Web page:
Dr. Stephanie Y. Evans is a Professor of Black Women's Studies and serves as Director of the Institute for Women's, Gender, and Sexuality Studies at Georgia State University. Her research interest is Black women's intellectual history, memoirs, and mental health. She is author of three books: Black Women's Yoga History: Memoirs of Inner Peace (SUNY, 2021); Black Passports: Travel Memoirs as a Tool for Youth Empowerment (SUNY, 2014), and Black Women in the Ivory Tower, 1850-1954: An Intellectual History (UF, 2007). She is also lead co-editor of three books, Black Women and Social Justice Education (SUNY, 2019), Black Women's Mental Health: Balancing Strength and Vulnerability (SUNY, 2017), and African Americans and Community Engagement in Higher Education (SUNY, 2009).

    Dr. Evans has two projects in progress: "Chair at the Table: Black Women Department Chairs on Academic Service, Leadership, and Balance" (a 2021 special issue of Palimpsest journal) and Black Women and Public Health: Regenerative History, Practice, and Planning (in production, SUNY). She is curator of several web resources, including the Black Women's Studies Booklist, Africana Memoirs Database, Black Women's Music Database, and the Black Women's Yoga History site.

    She has co-edited two community-based publications, OASIS: Oldways Africana Soup in Stories (with Oldways, a food and nutrition nonprofit) and Purple Sparks: Poems by Sexual Assault Survivors (with youthSpark, an anti sex-trafficking and youth abuse prevention non-profit).

    At GSU, Professor Evans is affiliate faculty in the Department of African American Studies, the Center for the Study of Stress, Trauma, and Resilience, as well as in the Center for Studies of Africa and Its Diaspora. Between 2011 and 2019, she served as Chair of the of African American Studies, Africana Women's Studies, and History (AWH) Department at Clark Atlanta University. Dr. Evans was recognized with the CAU 2017 Aldridge-McMillan Award for Excellence in Research.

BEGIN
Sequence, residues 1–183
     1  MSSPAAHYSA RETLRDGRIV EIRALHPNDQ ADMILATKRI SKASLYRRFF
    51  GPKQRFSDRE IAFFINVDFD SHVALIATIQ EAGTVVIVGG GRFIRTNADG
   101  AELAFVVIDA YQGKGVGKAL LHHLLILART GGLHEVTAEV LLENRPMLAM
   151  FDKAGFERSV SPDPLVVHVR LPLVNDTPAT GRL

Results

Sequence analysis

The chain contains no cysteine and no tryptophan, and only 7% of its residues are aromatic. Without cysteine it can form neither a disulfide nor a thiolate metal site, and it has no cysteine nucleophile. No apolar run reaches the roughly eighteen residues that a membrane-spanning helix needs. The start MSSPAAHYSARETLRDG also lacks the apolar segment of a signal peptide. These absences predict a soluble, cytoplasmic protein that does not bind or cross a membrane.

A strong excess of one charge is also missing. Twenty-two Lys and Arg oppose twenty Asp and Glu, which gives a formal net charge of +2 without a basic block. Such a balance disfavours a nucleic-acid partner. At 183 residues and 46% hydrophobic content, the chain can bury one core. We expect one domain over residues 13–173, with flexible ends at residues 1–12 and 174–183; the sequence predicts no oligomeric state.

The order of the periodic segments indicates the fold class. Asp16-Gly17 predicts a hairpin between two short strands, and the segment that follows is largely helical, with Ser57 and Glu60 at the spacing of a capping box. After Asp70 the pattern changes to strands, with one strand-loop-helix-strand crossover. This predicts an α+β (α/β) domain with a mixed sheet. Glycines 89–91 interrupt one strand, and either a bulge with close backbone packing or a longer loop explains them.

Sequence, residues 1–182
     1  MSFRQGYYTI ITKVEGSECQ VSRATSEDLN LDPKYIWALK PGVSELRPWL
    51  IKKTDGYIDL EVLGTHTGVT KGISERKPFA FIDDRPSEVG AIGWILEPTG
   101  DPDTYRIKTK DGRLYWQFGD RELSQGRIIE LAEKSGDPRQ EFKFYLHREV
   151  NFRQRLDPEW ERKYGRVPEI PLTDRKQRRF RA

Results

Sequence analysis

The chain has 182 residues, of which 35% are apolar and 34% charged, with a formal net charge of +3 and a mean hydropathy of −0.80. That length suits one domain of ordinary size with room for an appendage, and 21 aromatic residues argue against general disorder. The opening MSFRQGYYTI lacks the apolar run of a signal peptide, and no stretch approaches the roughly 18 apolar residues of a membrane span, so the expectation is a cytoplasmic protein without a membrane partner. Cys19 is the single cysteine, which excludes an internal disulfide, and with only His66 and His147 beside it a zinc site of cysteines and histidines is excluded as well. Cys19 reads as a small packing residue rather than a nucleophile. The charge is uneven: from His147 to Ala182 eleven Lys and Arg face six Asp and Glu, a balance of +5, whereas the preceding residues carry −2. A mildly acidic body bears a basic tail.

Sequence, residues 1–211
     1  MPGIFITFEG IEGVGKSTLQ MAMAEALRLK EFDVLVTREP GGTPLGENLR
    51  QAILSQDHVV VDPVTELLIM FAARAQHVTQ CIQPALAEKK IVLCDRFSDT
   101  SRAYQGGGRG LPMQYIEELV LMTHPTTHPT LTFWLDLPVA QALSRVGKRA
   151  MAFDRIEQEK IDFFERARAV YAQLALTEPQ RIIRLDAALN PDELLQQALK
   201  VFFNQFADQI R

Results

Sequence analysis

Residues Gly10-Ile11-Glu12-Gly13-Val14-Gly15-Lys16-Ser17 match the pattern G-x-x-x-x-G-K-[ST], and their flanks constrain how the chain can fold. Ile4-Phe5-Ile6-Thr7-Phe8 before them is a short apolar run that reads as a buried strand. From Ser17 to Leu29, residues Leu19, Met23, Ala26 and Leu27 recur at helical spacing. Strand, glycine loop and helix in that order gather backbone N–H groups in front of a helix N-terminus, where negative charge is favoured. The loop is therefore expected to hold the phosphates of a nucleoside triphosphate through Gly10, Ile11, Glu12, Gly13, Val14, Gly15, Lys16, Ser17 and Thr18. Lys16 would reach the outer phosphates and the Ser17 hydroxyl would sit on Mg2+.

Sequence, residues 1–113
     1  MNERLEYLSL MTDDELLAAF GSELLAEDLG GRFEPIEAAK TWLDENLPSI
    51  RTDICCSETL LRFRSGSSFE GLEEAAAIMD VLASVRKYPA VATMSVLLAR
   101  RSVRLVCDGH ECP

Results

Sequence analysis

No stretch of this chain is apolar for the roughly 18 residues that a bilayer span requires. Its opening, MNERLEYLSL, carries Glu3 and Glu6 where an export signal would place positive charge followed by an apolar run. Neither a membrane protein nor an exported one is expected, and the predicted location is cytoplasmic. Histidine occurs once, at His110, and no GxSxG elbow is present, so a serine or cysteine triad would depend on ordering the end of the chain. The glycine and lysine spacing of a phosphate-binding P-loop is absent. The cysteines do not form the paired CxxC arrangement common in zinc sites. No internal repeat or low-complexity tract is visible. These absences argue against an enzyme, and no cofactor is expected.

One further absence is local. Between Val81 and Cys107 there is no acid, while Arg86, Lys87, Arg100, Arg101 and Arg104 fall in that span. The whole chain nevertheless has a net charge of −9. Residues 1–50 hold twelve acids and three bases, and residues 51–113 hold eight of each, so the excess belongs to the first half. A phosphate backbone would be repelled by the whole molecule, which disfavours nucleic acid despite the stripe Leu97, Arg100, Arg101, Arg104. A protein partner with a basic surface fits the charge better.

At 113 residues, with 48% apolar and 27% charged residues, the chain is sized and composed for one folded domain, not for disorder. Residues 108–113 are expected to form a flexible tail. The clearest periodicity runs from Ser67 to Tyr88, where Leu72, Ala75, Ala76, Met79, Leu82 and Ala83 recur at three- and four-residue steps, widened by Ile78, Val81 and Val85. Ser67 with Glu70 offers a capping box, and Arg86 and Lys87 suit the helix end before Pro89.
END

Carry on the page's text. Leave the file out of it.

Stephanie Evans received her PhD in 2003 from the W. E. B. Du Bois Department of Afro-American Studies with a concentration in History and Politics from the University of Massachusetts, Amherst; in May 2002 she earned a Master’s Degree in the same field. Also in 2002, she completed the Graduate Certificate Program in Advanced Feminist Studies.

  • Martin Summers

    Boston College

    Martin Summers is a cultural historian of the nineteenth and twentieth century US, with particular research and teaching interests in race, gender, sexuality, and medicine. He regularly teaches courses on post-1865 US and African American history; gender and sexuality in African-American history; and medicine and public health in the African diaspora.

    His book, Madness in the City of Magnificent Intentions: A History of Race and Mental Illness in the Nation’s Capital was published in 2019. Summers’ current book project, Inner City Blues: African American Mental Health and Social Policy in Twentieth Century Urban America, is an historical examination of how social scientists, psychiatrists and psychiatric social workers, government officials, and community organizers understood the relationship between urbanization and mental illness, and consequently sought to address the mental health care needs of African Americans in so-called ghettos. Summers’ research has been supported by the Ford Foundation, the American Council of Learned Societies, the Radcliffe Institute for Advanced Study, and the National Humanities Center.